Last week, the U.S. Supreme Court issued a significant property rights decision in Koontz v. St Johns River Water Management District.
Although the case arose in Florida, it has national implications for land use and environmental permitting.
In Koontz, the Supreme Court vindicated its earlier precedents forbidding regulatory agencies from extorting property from citizens in exchange for land use permits unless the agency requests were related and proportional to offsetting the actual impacts of a proposed land use.
Excessive permit “exactions” had been growing rampant around the country as many lower courts allowed agencies to get away with this extortive practice on mere legal technicalities.
Koontz put a resounding end to this erosion of property rights by confirming constitutional nonextortion rules apply with equal force, whether the property demanded is land, money or the obligation to construct infrastructure at private expense. The Supreme Court also made clear that the coercive tactic of denying a permit altogether when a citizen objects to an excessive exaction (instead of granting a permit with a questionable condition) does not allow agencies to evade the constitutional requirements of relationship and proportionality to impacts.
While on the national level Koontz closed troublesome loopholes for regulatory overreaching, its full implications for Floridians, particularly the long-suffering Koontz family, remain to be seen. The Supreme Court remanded the case back to the state courts to decide whether to affirm the compensation awarded to the family by a trial judge years ago.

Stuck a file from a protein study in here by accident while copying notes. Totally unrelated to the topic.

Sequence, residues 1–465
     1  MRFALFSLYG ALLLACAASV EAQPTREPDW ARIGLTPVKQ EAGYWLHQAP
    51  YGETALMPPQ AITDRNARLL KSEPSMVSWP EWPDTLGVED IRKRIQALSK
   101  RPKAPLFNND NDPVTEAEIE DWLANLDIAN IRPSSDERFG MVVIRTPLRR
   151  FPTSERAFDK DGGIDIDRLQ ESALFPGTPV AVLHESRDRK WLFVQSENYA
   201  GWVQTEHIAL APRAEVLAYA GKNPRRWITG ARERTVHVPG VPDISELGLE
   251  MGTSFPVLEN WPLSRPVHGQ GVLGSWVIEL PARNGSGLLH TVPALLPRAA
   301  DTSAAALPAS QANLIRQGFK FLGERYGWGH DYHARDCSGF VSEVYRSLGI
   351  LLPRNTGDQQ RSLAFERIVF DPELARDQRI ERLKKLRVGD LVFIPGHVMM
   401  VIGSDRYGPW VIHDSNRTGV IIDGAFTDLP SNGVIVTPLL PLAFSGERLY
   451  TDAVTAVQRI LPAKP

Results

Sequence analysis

For more information about the Koontz case, visit the Pacific Legal Foundation website: There’s no ‘off-site’ exception to Fifth Amendment’s takings clause.
Want more expert analysis? Attend CLE telebriefing on July 11
|Join Gunster’s Amy Brigham Boulris for a one-hour Koontz v. St. John’s River Water Management District telebriefing sponsored by Law Seminars International on Thursday, July 11 at 3 p.m. ET.Audience questions will be taken after a brief discussion of the topic.Click here for more info & to register.|
The distinguished panel of experts at the telebriefing includes:
|•||Michael Berger, one of the top land use and condemnation lawyers in the U.S., he has argued four regulatory taking cases before the Supreme Court and filed amicus curiae briefs in many others, including the Koontz case; and|
|•||John Echeverria, a lawyer and professor at Vermont Law School, previously served for 12 years as executive director of the Georgetown Environmental Law & Policy Institute at Georgetown University Law Center. Prior to that, he was general counsel of the National Audubon Society and general counsel and conservation director of American Rivers, Inc.|
|•||Amy Brigham Boulris focuses her practice on the defense of property rights in the context of eminent domain, inverse condemnation, property-related civil rights claims, and related land-use litigation. In addition to her property rights work, she is active at all levels of state and federal courts of appeal.|
This publication is for general information only. It is not legal advice, and legal counsel should be contacted before any action is taken that might be influenced by this publication.
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